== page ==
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Album Review: Bayharbour’s Debut Album ‘Time Lapse’


Over the last few weeks Brisbane metalcore outfit Bayharbour have given us plenty to be excited about with the release of two killer, hyper-aggressive singles from their debut album ‘Time Lapse’. The wait is now finally over, and after listening to this auditory onslaught and letting the dust settle, we’re pretty impressed!

The album opens with ethereal track Perception, which features some beautiful guitar tones and handy synthesiser work coupled with the muffled Tim Lambesis-esque screams of frontman Jay Sibthorpe. Perception transitions explosively into Cancerous, slapping you in the face without the slightest apology with its heavy riffage, thrashy drums, and huge melodic chorus.

The album’s third single Life In The Clouds is one of the standout tracks on the album. Drummer and clean vocalist Nat Patterson delivers impressive fills and thumbing double-kicks as a solid foundation to the huge, powerful track. The dual-vocal attack of Sibthorpe and Patterson is a highlight and compliments the killer guitar work of Thomas Bryden, who lays down a very tasteful solo to wrap up the song.

“The track, much like most of the album, just oozes aggression!”

Further down the spine of ‘Time Lapse’, A Departure and Zenosyne are brutal masterpieces! A Departure has a minute-long instrumental intro which then erupts into chaos, as Bayharbour break the serenity with fast-paced verses filled with technical guitar work, immense screams, and blast beats. The featured vocals of Tegan Hollard are also provide a counterpoint to the surrounding brutality, a rose amongst thorns if you will.

Zenosyne on the other hand is just all thorns! The ruthless intro will get your blood pumping before its enormous chorus captivates you with a careful balance of clean and unclean vocals, almost resembling a slightly heavier circa-2012 Amity Affliction. The breakdown is executed with almost robot-like precision and is sure to destroy any mosh pit!

Fading Away is a slightly more melodic break from Bayharbour’s aggressive approach, but, while it’s a good song, it does become overshadowed by other tracks on ‘Time Lapse’. In contrast, Gravemind, Fukushima, and Stargazing offer the raw brutality we’ve come to love from Bayharbour, full of breakdowns and double-kicks masterfully balanced with massive, melodic choruses.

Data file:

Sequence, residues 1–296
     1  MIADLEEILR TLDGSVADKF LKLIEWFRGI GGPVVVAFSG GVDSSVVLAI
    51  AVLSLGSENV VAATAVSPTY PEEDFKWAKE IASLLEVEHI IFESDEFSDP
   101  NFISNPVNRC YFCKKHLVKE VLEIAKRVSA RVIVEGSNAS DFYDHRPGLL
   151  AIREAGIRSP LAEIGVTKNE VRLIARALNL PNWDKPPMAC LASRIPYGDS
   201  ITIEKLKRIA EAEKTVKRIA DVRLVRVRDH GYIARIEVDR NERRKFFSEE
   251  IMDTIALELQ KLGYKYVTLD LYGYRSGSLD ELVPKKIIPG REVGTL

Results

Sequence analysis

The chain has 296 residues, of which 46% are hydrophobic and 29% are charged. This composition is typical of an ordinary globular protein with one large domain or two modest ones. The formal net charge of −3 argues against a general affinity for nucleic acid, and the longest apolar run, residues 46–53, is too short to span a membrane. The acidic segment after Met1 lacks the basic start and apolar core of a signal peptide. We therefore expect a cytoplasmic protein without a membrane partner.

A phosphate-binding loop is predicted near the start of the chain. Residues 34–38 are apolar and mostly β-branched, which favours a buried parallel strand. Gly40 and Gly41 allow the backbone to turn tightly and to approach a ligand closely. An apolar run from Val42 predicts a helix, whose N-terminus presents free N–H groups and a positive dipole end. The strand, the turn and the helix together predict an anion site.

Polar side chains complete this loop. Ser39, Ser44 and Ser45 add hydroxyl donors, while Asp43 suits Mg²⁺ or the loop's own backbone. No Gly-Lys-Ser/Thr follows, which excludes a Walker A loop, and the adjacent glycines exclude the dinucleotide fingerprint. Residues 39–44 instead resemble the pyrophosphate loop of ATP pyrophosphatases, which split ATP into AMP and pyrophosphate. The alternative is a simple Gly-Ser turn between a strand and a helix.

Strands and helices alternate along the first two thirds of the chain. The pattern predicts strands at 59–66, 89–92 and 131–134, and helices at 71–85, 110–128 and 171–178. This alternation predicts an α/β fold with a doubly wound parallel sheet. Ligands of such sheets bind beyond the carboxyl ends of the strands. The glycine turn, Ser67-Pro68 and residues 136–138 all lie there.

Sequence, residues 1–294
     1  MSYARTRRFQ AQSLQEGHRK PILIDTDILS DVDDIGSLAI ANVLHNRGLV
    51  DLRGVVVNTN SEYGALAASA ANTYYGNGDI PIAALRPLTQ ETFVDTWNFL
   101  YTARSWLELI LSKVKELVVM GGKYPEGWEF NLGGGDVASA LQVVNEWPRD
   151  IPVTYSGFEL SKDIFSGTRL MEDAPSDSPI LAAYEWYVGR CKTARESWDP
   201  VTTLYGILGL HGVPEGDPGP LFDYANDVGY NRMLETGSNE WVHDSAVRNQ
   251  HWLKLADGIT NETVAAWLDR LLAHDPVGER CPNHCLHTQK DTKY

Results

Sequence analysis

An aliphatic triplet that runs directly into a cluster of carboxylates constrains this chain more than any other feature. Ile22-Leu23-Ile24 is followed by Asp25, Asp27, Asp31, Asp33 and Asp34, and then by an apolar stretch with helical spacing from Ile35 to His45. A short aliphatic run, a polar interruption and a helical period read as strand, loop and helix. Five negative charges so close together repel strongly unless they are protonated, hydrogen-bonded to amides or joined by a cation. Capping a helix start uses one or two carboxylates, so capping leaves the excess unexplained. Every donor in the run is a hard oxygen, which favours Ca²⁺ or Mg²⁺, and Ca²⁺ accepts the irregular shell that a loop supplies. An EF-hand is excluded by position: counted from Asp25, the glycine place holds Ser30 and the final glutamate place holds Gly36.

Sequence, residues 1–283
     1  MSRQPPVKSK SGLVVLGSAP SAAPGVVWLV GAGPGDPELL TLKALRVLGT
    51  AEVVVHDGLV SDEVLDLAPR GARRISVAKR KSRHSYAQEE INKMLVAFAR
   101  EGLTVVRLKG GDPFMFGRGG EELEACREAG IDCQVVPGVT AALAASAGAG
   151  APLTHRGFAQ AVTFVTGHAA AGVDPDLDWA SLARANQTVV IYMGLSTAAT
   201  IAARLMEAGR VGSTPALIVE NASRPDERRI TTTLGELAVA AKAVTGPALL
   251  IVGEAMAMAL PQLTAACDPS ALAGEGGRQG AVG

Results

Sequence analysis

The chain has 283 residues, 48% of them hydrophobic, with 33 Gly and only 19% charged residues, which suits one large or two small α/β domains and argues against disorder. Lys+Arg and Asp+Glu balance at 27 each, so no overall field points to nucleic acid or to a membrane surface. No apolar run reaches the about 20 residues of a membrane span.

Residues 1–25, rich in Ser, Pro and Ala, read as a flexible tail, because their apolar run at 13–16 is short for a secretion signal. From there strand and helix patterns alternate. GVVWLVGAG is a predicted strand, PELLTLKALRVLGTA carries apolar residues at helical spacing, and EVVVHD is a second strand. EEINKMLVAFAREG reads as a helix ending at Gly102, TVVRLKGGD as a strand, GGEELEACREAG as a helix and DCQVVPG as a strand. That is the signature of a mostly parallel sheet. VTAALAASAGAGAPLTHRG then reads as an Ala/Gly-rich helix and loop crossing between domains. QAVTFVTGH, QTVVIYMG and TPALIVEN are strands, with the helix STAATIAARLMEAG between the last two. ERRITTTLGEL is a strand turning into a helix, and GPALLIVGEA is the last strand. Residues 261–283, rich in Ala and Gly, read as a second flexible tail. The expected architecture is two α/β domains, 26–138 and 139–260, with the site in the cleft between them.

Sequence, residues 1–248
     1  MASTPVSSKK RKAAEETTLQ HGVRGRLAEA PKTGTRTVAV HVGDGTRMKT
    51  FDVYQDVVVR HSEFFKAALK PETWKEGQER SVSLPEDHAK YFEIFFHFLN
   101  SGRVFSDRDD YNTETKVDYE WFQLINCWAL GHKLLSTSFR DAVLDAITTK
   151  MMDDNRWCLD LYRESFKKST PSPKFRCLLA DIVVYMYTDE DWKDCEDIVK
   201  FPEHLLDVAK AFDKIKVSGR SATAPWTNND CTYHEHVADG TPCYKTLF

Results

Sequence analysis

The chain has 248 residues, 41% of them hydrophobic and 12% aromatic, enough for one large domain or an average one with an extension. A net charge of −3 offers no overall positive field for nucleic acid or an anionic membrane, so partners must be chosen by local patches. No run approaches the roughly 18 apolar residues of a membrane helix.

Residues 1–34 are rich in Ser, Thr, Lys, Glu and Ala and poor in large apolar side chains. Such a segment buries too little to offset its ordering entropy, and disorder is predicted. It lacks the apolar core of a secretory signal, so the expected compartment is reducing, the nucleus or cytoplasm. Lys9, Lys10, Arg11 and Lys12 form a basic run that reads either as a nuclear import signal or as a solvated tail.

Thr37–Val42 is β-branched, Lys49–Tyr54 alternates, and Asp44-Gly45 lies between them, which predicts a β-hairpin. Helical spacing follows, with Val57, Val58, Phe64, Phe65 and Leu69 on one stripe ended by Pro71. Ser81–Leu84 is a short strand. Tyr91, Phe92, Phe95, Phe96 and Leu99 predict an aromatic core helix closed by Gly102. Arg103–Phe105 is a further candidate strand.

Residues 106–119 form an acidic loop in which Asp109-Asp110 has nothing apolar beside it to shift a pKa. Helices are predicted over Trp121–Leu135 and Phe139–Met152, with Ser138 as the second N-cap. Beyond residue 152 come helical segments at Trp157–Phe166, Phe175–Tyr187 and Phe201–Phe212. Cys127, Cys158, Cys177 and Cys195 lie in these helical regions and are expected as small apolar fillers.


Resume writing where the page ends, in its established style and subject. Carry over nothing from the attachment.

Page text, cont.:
Oathbreaker is by far the most explosive track on ‘Time Lapse’. Sibthorpe’s huge scream coupled with one of the best riffs on the album drives hard and fast into killer pinched harmonics and epic blasting, making the song perfect fuel for the inevitable circle pit. The track, much like most of the album, just oozes aggression!

“…if you’re in need of throwing some limbs around or feel like life’s slipping past way too quickly definitely plug in your earphones and crank ‘Time Lapse’.”

Title-track Time Lapse features an interesting speech in the intro, focusing on how quickly time seems to go by as you get older. This track is less technical and thrashy than the rest of the album, instead focussing on the emotional premise of album’s overarching theme. The use of dynamics and an extended ambient soundscape pierced only by Sibthorpe’s growls effectively hammer home the deep emotion in the track, “I am the architect of my own disaster”.

Wrapping up ‘Time Lapse’ is The Architect. While the emotional themes at first transition smoothly into the track, the song quickly morphs into thrash beats and breakdowns. Even though the emotion in the track drops out, replace by some truly brutal metalcore instrumentation, the dramatic fading ending will leaving you in a daze as you reflect on the rollercoaster you just experienced.

Overall, Bayharbour have delivered an accomplished and quality metalcore debut album. Their attention to detail and the balance between brutality and the album’s emotional themes is masterful. It’s an epic ride, but if you’re in need of throwing some limbs around or feel like life’s slipping past way too quickly definitely plug in your earphones and crank ‘Time Lapse’.

Catch the quintet live in Brisbane when they support Make Them Suffer at the Crowbar, more details below!

Album Rating: 4.5

Make Them Suffer
supported by Bayharbour

Crowbar, Brisbane